Valkyrie reveals herself as emotionally damaged and hiding behind a glass.
The Hulk displays the torment of everyone hating and fearing him. Then, Bruce Banner returns after three years of Hulk calling the shots.
Thor finally grows into adulthood after thousands of years. And the whole thing is fun!
Plus, two very different villains stylistically both get their comeuppances.
He’s every bit as silly as Blanchett is serious. Waititi’s story balances them deftly, switching between the joy of life on Sakaar and the horrors of Asgard.
Somehow, Karl Urban merges the two. As Skurge, he starts as comic relief, making jokes about Texas before quickly bending the knee for Hela.
Later, Skurge develops a conscience as he rebels against Asgard’s oppressor.
Finally, and most importantly, Loki and Thor finally see each other for who they are, something explored well in the Loki TV show as well.
The Perfect Popcorn Movie
I suspect that my wife adores Thor: Ragnarok because it creates a vibe, a mood.
I defy anyone to watch this movie and not feel better. We’re two years into a pandemic, and mental health discussions have risen in importance.
A movie about the end of the world – well, Asgard – shouldn’t make everyone so happy, but it does.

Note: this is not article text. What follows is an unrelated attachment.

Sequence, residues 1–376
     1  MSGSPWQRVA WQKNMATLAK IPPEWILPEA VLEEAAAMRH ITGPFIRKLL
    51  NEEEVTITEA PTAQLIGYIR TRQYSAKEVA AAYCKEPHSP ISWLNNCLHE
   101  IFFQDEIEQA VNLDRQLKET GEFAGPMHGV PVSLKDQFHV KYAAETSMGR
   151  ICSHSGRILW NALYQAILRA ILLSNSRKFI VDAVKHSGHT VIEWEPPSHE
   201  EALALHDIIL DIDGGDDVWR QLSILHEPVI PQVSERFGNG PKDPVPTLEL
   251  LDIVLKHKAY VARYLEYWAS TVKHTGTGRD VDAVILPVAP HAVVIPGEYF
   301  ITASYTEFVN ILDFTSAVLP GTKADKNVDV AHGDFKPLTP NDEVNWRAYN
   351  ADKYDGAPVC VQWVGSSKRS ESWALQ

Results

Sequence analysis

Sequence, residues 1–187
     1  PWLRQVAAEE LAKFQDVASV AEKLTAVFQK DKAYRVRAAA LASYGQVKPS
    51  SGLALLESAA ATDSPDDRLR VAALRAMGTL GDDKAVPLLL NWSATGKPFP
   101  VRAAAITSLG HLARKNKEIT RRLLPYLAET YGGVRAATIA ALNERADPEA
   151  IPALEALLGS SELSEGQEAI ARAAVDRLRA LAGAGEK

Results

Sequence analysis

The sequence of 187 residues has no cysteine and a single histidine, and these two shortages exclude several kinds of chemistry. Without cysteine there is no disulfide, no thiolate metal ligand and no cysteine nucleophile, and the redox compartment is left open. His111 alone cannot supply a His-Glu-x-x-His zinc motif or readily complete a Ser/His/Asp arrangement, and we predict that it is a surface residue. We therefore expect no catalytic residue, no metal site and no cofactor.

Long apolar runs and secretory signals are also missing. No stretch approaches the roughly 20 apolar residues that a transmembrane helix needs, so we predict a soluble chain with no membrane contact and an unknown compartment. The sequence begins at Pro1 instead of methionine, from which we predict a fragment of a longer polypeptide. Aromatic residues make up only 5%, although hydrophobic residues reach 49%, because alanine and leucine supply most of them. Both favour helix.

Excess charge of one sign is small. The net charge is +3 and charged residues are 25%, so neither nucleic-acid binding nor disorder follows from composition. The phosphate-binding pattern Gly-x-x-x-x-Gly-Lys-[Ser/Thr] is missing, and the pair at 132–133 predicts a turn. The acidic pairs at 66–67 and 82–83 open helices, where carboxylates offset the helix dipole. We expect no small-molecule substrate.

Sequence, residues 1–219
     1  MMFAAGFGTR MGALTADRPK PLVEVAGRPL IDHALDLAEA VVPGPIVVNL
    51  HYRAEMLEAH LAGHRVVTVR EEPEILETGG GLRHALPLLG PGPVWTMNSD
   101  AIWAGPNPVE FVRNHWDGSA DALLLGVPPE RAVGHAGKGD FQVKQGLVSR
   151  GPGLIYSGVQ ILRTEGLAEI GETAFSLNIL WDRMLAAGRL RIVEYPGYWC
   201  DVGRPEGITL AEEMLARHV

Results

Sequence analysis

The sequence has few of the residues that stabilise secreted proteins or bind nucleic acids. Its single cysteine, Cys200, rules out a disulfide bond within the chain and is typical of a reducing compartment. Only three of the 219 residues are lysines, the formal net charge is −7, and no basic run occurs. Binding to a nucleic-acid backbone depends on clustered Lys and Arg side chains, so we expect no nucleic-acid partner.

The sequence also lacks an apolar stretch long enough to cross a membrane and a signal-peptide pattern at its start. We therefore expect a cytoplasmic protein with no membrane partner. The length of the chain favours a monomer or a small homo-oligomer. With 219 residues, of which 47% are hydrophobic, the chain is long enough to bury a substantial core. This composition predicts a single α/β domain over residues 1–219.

Out of all MCU titles to date, this one’s the closest to a cartoon. There’s even a moment when the comically large Hulk blithely attacks the comically larger Surtur.
I mean, Thor loses a freakin’ eye in this film and gets force-fed a haircut by Stan Lee. All it does is make him look like a lightning pirate.
Tessa Thompson struts confidently as Led Zeppelin plays and fireworks shoot off in the background. Technically, that’s stuff exploding, but the effect’s the same.
Thor: Ragnarok oozes cool. It also seems to have an algorithm that guarantees each character gets enough awesome moments.
The whole thing comes across as the movie Michael Bay has spent his entire career trying to make. Meanwhile, Waititi nails it in one attempt.
When you want a background movie that will make you smile every time you look up, Thor: Ragnarok is as good as it gets.
Whenever I think about what the MCU should aspire to be, it’s this title. Even my beloved Captain America: The Winter Soldier isn’t for everyone…but Thor: Ragnarok is.